The microwave signals that ride our airwaves today are likely to have much wider bandwidths than those of yesterday. Spread spectrum techniques, increasingly used in radar systems and satellite and terrestrial communications systems, trade increased bandwidth for benefits such as increased noise immunity, lower power density, or increased security. The spectrum analyzers traditionally used to analyze microwave signals aren't up to the job of extracting all of the information from modern microwave signals because they don't have the bandwidth and don't reveal pulse, phase, or time-varying behavior. The HP 70910A wide-bandwidth receiver is designed to fill this need. It combines the attributes of a microwave receiver, including wider bandwidths and demodulation capability, with the strengths of a microwave spectrum analyzer, which include low internal noise, amplitude measurement accuracy, and wide frequency tuning with synthesizer accuracy and fine resolution. The HP 70910A wide-bandwidth receiver consists of two components: the HP 70910A RF module and the HP 70911A IF module. The IF module provides the functions usually associated with a microwave receiver, such as intermediate frequency (IF) bandwidths from 10 to 100 MHz and pulse detection. It also offers options for FM demodulation, 70-megahertz IF output, and I-Q output (the type of modulation used in digital communications systems). The I-Q option can be used with a dual-channel vector signal analyzer such as the HP 89410A to extend the analyzer's bandwidth and frequency range. The two most common HP 70910A configurations operate over a frequency range of 100 hertz to 26.5 gigahertz. The design of the HP 70910A wide-bandwidth receiver and that of its RF module are described in the article on page 80. The IF module design, featuring variable-bandwidth, synchronous filters with tapped-capacitor, varactor-tuned resonators, is described in the article on page 89.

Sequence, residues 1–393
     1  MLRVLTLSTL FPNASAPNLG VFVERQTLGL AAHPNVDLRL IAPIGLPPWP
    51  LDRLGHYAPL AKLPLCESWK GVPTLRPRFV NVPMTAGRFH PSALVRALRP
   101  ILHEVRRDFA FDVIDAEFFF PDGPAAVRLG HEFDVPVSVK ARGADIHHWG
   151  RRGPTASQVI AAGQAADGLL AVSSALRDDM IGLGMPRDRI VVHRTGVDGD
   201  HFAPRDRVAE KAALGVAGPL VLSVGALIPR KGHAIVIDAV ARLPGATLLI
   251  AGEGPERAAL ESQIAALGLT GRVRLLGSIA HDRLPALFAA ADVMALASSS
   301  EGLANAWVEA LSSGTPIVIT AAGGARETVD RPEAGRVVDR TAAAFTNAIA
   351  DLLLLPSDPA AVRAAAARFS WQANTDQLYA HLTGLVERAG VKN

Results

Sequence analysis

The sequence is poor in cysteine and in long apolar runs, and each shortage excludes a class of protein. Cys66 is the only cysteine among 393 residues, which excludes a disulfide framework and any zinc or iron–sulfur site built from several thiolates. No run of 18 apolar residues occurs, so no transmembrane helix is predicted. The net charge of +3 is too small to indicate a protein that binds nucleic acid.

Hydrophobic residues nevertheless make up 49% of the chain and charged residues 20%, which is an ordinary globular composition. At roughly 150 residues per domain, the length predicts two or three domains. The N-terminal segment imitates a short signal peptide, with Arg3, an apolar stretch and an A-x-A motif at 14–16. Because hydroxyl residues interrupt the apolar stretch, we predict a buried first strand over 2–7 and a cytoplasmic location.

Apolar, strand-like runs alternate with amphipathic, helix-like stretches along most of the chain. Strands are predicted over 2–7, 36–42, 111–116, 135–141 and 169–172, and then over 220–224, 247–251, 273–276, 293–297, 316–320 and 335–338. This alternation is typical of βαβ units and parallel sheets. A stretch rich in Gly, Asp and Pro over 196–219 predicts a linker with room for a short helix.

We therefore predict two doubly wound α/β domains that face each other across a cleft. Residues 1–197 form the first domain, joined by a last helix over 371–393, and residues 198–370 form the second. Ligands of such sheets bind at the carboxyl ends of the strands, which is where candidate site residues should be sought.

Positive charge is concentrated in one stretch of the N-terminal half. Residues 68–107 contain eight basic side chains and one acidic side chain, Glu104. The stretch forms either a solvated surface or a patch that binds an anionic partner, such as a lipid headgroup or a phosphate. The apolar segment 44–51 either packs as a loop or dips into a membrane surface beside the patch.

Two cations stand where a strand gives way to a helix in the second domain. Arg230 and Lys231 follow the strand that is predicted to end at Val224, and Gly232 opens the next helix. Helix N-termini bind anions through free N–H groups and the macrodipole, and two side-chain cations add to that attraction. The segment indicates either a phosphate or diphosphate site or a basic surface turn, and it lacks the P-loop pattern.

A color printer is typically used for a variety of documents, from simple black text pages that take a few seconds to print to color graphics pages that take several minutes. If you're the printer's designer, how do you measure how many pages per minute it will print so that you can judge the effects of design changes on a user's perception of its speed? The designers of the HP DeskJet 1600C printer considered the simple average and the simple weighted average, but rejected them in favor of the log weighted average. The article on page 104 tells why.

R.P. Dolan
Senior Editor